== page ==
The Camas Creek Cattle and Sheep Company is now owned by Jamie and Jock Doggett. For 12 years Jamie Doggett served on the board of Humanities Montana, and for 8 years she served as a presidential appointee to the Federation of State Humanities Councils board of directors.
This House of Sky: Camas Ranch
When Dad hired on at the Camas, it had been with the contract that when summer came he would thread through the disorder of the place and get the ranch’s rich hay crop harvested. Somehow a crew had to be held together through the months of mowing and raking and bucking and stacking of 150 butts of hay, some 1400 tons of it when at last all the fields had been sickled and combed clear—and Dad’s reputation in the valley said he was the man to do it. (152)
Doig, Ivan. This House of Sky: Landscapes of a Western Mind. New York: Harcourt Brace Jovanovich, 1978.
About the Book
This House of Sky
Published in 1978, This House of Sky: Landscapes of a Western Mind is a memoir of Doig’s hardscrabble childhood on ranches and in small towns along the Rocky Mountain Front. A finalist for the National Book Award, This House of Sky and Doig’s other works earned him a lifetime Distinguished Achievement Award from the Western Literature Association in 1989.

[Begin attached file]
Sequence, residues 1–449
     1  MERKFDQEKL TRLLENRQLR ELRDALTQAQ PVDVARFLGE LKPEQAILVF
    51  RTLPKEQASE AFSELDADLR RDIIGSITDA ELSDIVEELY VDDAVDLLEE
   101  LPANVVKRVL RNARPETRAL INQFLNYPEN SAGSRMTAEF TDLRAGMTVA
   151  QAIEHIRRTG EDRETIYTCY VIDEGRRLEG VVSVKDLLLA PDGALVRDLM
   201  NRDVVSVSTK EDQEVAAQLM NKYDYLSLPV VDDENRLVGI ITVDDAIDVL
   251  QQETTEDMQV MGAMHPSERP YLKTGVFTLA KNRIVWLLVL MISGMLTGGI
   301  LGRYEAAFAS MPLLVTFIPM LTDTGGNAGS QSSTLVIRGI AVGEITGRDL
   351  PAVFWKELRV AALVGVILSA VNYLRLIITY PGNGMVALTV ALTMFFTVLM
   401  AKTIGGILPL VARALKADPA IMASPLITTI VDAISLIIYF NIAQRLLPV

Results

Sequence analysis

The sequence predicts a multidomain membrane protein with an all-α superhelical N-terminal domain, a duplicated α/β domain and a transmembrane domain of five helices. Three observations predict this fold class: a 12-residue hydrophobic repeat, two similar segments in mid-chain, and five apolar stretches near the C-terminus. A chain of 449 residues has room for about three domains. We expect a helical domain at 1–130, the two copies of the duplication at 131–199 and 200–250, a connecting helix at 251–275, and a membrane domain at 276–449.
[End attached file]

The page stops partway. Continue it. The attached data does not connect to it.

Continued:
For more about This House of Sky—background notes, a study guide and photos of Doig’s parents, Berneta and Charlie, and his grandmother, Bessie Ringer—visit ivandoig.com.
While the settings in This House of Sky: Landscapes of a Western Mind clearly reference actual locales, it is understood that the book—including its places—is ultimately the product of the author’s imagination. The intent of this literary map is to enrich the reading experience by interpreting those places, not to render them literally or definitively.
About the Author
Ivan Doig was born in White Sulphur Springs, in Montana’s Smith River Valley, to a family of homesteaders and ranch workers. He holds a Ph.D. in history from the University of Washington, and has authored more than a dozen novels and works of non-fiction.
Doig has written, “I don’t think of myself as a ‘Western’ writer. To me, language—the substance on the page, that poetry under the prose—is the ultimate ‘region,’ the true home, for a writer.”